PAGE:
So, I’m a white girl with a strong affinity to hip-hop - to fast beats and superfluous speak, and concepts that motivate me to be fearless in my daily pursuit of justice. Call me a SJW, and I’ll tell you worse has happened before.
Within my demographic, I hear a lot of criticism regarding hip-hop’s violence, drugs and misogyny. This criticism exists within the African American community, too – by the very artists and producers of hip hop, Kendrick Lamar included.
But what Lamar reveals in Black Panther: The Film and what many white folk don’t understand is that the violence, drugs, and misogyny that exists in a lot of hip hop is reflective of rage and pain, a response to systemic oppression of African American people – “Season’s” “modern-day slavery” – that goes unseen by white folk in a Eurocentric America. But that is the beauty of this Afrocentric film and accompanying album – African American empowerment is the future of our nation, and, in break with a vicious cycle initiated by my mistaken, oppressive white ancestors, there is opportunity for white folk to reconcile a past of violence against self-deemed “others” – the very basis of hip-hop’s critique.
Released during Black History Month, Kendrick Lamar/Top Dawg Entertainment CEO Andy Tiffith-curated 14 track Black Panther: The Film relies upon the Marvel film’s racially conscious narrative for its own progression. In semi-congruence with Black Panther’s Pan-Africa theme, Lamar has recruited big names – SZA (LOVE), Anderson.Paak, Travis Scott, Khalid, Vince Staples, Swae Lee, Jorja Smith -, as well as some more obscure South American artists: singers Babes Wodumu and Sjava, and rappers Yugen Blakrok and Saudi.
Often uncredited, Lamar’s voice subtly guides the album through Black Panther’s opposing perspectives: T’Challa, super-powered king of the fictional African kingdom Wakanda, and revolutionary Erik Killmonger, seeking revenge for T’Challa’s father’s mistakes. “I am T’Challa,” he announces at the end of opening song “Black Panther.” “I am Killmonger. . . this is my home. . . Northern California.”
It is his home in Oakland, California that drives Killmonger to vengefully take the Wakandan throne. (Non-coincidentally, Oakland is the origin of the Black Panther Party of the 60’s.) “I Am” alludes to the heart of Killmonger’s bitterness: Wakandan isolationist policy, micro-manifest as his abandonment in racially oppressive America. “When you know what you got” - in this case, advanced technological development - “sacrifice ain’t that hard.” Killmonger’s abandonment is a product of that sacrifice. Smith’s “I Am” is also hugely feminist, but I’ll save that for another entry.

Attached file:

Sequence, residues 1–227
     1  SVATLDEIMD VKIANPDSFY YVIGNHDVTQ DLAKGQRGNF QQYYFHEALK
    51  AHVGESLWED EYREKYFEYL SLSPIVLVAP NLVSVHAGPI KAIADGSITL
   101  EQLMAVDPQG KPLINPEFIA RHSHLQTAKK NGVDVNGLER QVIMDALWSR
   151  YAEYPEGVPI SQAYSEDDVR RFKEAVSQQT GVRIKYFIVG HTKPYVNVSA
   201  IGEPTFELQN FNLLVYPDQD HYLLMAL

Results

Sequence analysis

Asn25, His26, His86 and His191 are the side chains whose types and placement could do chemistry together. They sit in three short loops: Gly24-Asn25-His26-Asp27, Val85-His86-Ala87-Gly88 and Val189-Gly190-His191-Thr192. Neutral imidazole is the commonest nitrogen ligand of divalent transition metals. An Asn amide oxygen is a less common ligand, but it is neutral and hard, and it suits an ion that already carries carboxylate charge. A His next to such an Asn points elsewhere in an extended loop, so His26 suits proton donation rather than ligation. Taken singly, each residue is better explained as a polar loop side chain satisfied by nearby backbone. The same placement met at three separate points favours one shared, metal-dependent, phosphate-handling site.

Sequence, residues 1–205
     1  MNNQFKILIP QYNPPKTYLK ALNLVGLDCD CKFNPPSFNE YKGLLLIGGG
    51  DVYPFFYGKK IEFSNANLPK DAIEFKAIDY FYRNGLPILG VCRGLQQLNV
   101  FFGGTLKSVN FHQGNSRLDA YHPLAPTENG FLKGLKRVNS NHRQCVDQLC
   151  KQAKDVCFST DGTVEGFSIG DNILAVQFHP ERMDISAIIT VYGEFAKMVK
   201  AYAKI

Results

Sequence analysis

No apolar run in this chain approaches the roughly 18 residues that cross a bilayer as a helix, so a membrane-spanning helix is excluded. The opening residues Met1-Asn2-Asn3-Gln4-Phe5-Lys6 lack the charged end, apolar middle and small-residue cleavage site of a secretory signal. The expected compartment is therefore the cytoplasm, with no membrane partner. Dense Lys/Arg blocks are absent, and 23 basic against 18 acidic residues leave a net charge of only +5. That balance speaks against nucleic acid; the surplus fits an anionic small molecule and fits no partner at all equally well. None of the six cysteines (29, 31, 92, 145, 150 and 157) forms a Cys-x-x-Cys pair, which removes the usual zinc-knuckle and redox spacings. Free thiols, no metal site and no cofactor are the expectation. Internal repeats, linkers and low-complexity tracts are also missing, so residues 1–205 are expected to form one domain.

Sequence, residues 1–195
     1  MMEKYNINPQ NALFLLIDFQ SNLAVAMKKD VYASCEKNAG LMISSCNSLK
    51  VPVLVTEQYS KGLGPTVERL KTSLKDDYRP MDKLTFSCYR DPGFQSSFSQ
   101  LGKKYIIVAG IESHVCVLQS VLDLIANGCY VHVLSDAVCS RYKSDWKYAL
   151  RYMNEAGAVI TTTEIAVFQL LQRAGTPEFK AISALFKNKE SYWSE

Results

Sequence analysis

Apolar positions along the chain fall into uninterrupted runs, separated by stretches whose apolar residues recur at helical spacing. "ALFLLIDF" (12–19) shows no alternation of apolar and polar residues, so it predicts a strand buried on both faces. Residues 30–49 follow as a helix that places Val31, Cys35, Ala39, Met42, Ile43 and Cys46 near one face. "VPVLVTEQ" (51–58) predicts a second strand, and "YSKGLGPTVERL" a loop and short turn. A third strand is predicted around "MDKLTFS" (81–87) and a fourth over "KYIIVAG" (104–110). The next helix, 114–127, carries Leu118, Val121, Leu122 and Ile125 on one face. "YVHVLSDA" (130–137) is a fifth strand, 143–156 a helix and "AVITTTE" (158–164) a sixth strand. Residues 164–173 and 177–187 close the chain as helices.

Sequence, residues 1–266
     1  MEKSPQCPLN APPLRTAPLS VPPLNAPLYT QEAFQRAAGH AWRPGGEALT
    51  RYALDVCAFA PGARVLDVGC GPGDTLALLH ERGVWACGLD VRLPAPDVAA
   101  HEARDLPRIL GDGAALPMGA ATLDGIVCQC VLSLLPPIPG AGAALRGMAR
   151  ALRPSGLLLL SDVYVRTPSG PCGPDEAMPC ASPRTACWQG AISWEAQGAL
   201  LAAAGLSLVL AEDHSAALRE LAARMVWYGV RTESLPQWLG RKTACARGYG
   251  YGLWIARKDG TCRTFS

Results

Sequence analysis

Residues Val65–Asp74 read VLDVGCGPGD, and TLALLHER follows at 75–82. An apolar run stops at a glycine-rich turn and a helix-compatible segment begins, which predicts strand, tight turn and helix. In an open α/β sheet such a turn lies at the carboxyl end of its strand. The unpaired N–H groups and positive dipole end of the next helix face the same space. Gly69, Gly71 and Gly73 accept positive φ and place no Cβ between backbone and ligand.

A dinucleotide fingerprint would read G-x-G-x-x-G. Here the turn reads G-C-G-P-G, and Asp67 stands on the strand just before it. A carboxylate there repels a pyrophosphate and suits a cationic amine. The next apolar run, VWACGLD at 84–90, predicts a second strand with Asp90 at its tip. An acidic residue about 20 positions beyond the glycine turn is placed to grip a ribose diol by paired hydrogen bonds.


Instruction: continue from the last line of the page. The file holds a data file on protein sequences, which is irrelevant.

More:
So, during Killmonger’s short rule, he completely disregards Wakandan tradition. Lamar echoes this dismissal in the chorus of “King’s Dead”: “miss me with the bullshit.” Accompanied by a menacing bass, Killmonger f***s all of T’Challa’s values before proclaiming “All hail King Killmonger.”
When T’Challa fully understands Killmonger’s aggression as a response to Wakanda’s abandonment of African peoples beyond the confines of the kingdom, he abandons an isolationist worldview. T’Challa cedes warfare, and drags Killmonger’s limp body to watch the sunset, reminiscent of “Season’s”, “I cried when lil’ bruh died/Got high and watched the sunrise.” “Seasons” ends with a convergence of opposing viewpoints: “I am T’Challa, I am Killmonger. One world, one God, one family. Celebration.”
Lamar’s narrative style is not a new concept for him. His autobiographical 2012 good kid, m.a.a.d city tells a story of a kid corrupted by violence and poverty inherent to African American culture. Evidently, nor is his introspective political bend. His 2015 To Pimp a Butterfly expands upon his autobiography: “Institutionalized’s” “you can take your boy out the hood but you can't take the hood out the homie” addresses how wealth has little value for an individual void of background and education necessary for social involvement.
Lamar comes from Compton – he is reinvigorating the classic West Coast gangsta of Tupac, Snoop Dog, N.W.A, and transforming music that reflects a culture of violence and gangs (the basis for major criticism of hip-hop/rap genres) into music that discusses it roots: a response to systemic violence of the very white folk who so vehemently criticize its.
Perhaps Lamar promotes Black Panther because T’Challa’s political ambiguity and Killmonger’s interaction with a racially oppressive America so deeply resonate with him. Despite his immense power within the hip-hop/music industry, he owes his success to Compton.
Hip-hop has something so wholesome about it – something that doesn’t always exist in the Indie/folk I listen to, as well. Maybe it’s an awareness. A refusal to hide what looks bad. I’m no philosophy/psychology major, but don’t we need to address weaknesses to heal?
Because African empowerment is not disempowerment of others. In “Bloody Waters,” although James Blake’s whiteness stands as emphatically the few Caucasian actors – a refreshing concept for a historically white-dominated film industry, Blake’s smooth voice effortlessly melds with Paak’s free-flowing rap.
Black Panther: The Film, like a lot of contemporary hip-hop, is majorly collaborative. It stands for solidarity, the same concept I’ve heard time and time again at Gaslight. Music, like all art, has the capacity to revolutionize, and Gaslight’s democratic bend reflects the wisdom of hip-hop.